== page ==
Soldier gets reamed out for not saluting officer who 'hates being saluted'

FORT POLK, La. — Pvt. Larry "Doug" Douglas was reamed out this morning for failing to render a salute to Maj. Tom Wallace, the executive officer for the 1-509th Parachute Infantry Regiment. Sources confirm that Wallace “will tell anyone who will listen” how much “he hates the whole saluting thing.”

“Look, it’s not a power thing. I hate all the attention,” Wallace explained. “Frankly it’s embarrassing, and I hate having to return all the salutes, but the standards need to be upheld.”

Wallace has what other officers call “a well-deserved reputation” at Fort Polk for his long-winded lectures and dressing-downs of those who fail to render him proper military courtesy.

Douglas says that Wallace’s strict adherence to military formalities has earned him the nickname “that dickhead” among the soldiers in his battalion.

“[Wallace] actually stopped a soldier rushing his wife into the ER,” Douglas said. “Wallace was all ‘Don’t you intend to salute and give the greeting of the day, private?’”

“When the guy was gone, the major apologized — to the other people! He was like ‘Sorry for the awkward scene. I wish there had been a better way to confront the man.’”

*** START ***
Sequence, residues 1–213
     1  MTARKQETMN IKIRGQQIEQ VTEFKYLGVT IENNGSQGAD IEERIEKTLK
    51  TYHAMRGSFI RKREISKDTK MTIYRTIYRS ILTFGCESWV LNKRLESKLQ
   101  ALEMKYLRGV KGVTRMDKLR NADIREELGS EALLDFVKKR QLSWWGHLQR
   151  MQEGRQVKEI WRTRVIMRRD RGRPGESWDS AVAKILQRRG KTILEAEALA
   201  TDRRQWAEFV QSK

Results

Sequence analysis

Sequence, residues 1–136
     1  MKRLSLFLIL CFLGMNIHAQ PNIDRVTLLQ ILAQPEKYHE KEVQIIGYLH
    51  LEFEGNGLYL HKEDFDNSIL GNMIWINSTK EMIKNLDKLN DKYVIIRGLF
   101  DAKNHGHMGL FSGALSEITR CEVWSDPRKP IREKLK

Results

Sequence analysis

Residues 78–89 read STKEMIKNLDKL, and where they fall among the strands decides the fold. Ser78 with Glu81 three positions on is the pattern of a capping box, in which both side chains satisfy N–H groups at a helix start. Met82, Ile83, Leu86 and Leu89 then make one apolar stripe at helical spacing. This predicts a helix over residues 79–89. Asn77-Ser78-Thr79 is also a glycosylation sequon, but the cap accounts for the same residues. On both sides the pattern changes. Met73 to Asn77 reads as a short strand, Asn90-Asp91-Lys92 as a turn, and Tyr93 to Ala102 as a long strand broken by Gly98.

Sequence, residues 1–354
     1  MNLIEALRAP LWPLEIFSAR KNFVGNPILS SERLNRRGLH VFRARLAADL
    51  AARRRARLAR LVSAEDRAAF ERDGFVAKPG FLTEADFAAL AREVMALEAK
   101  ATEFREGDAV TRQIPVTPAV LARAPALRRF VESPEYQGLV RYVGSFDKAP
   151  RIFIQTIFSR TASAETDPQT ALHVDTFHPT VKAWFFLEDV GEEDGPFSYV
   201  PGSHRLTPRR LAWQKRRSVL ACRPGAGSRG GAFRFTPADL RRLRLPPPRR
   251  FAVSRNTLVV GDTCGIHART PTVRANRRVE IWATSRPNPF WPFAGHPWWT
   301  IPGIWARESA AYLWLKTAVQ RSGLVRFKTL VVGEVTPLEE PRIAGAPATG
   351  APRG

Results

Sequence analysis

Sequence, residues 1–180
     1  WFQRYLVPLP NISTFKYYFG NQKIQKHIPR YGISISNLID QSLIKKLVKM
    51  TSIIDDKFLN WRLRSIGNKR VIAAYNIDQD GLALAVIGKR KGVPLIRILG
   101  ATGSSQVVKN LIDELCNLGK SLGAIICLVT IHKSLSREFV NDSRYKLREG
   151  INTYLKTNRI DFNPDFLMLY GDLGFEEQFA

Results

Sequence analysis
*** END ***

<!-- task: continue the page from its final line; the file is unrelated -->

Sgt. Maj. Lance Edwards, the battalion’s Operations Sergeant Major is measured in his response to the issue.

“I get a hard-on for AR 600-25 as much as anyone else, but sometimes he even pisses me off,” Edwards said. “I came out of the headquarters with two cups of coffee in my hand and he actually stood in my path and waited for me to put a cup down. After I saluted the bastard he grinned and said sorry, but it ‘wasn’t his call.’”

Witnesses report that Wallace spends a majority of his day standing just outside the no-salute zone in the motor pool, harassing soldiers and then loudly bemoaning the fact that the zone doesn’t extend further into the parking lot.

When a lieutenant once suggested that he stand inside the motor pool and avoid the inconvenience he was counseled on not standing at attention while talking to a superior officer.